“Pestka will make him work hard and not take anything for granted but this race isn’t going anywhere. This contest is one step below a foregone conclusion. Still, Amash has not done enough to squash the talk of this race being competitive,” said Jake Davison of Advantage Associates, a Lansing based consulting firm.

The National Republican Congressional Committee said that they were watching the race but were not overly concerned. The bulk of their resources in Michigan are currently being deployed in the Upper Peninsula, helping reelect freshman Congressman Dan Benishek in the First Congressional District.

“It’s definitely on the watch list,” said NRCC deputy communications director Andrea Bozek.

via Reason.

Japan and China to start direct currency trading on Friday

In News on May 31, 2012 at 1:51 am

Japan and China will start direct currency trading this week, Tokyo said Tuesday, the first time Beijing has let a major unit other than the dollar swap with the yuan.

The move, which will scrap the greenback as an intermediary unit, comes as China introduces measures as part of a long-term goal of internationalizing its currency to rival the dollar.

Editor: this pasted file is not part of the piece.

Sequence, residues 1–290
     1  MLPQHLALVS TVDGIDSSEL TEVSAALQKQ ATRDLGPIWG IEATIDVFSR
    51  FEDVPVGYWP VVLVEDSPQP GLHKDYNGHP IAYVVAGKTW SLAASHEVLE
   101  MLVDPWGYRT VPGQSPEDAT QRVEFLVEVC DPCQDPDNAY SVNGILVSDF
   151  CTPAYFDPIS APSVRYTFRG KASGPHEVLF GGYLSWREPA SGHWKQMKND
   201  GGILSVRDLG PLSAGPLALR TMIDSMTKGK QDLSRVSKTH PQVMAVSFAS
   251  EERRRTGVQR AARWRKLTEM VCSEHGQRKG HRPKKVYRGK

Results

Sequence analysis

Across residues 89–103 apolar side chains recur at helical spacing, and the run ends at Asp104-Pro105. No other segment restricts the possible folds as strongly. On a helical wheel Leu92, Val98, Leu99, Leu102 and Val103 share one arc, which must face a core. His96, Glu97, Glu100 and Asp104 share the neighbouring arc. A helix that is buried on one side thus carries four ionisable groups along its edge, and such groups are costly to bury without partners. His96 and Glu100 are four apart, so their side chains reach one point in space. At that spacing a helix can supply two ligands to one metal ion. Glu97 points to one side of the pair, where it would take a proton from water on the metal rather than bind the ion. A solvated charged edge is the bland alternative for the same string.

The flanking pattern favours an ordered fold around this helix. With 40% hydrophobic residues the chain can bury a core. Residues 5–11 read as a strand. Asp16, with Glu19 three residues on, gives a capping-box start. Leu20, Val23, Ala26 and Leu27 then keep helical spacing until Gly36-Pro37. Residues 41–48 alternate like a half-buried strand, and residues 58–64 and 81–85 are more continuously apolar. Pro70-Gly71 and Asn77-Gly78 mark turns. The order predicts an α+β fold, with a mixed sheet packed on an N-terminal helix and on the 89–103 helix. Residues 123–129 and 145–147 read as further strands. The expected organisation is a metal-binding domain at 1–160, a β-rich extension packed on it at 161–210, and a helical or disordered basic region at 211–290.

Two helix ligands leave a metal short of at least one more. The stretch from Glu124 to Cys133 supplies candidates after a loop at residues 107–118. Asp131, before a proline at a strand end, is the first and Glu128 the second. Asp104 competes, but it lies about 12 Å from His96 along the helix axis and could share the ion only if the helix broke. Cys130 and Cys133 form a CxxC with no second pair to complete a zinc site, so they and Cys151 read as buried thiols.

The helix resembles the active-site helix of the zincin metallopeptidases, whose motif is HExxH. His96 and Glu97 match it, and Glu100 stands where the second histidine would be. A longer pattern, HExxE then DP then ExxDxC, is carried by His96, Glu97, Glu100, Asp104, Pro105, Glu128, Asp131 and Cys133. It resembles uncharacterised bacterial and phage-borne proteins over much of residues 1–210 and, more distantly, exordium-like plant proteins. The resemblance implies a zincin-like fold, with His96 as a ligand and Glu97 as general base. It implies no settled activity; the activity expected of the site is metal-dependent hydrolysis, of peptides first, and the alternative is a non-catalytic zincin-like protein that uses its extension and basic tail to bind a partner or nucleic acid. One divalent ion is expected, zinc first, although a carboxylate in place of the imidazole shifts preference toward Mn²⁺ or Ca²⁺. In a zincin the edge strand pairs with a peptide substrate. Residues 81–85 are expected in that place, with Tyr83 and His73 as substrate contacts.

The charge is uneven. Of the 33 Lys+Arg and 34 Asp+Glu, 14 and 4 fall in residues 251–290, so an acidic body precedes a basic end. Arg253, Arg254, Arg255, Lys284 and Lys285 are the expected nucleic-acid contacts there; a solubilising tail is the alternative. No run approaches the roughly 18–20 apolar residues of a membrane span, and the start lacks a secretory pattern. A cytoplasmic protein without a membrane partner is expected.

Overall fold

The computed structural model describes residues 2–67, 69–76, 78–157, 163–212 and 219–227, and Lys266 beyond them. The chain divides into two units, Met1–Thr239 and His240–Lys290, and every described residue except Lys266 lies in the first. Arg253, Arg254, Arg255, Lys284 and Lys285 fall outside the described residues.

The two-way trade will also be allowed to move in a wider range than the narrow band at which the dollar and yuan change hands, Dow Jones Newswires and the Nikkei business daily reported.

China will set a daily rate based on dealer quotes with trade allowed to move within a 3% band above or below that rate, the reports said, compared with a 1% band fixed to yuan-dollar trading.

The Chinese central bank earlier Tuesday introduced a rate of 7.9480 yuan for every 100 yen, Dow Jones said.

However, there will be no fixed rates in Tokyo trade with the currencies trading freely, according to the same media reports which provided no further details.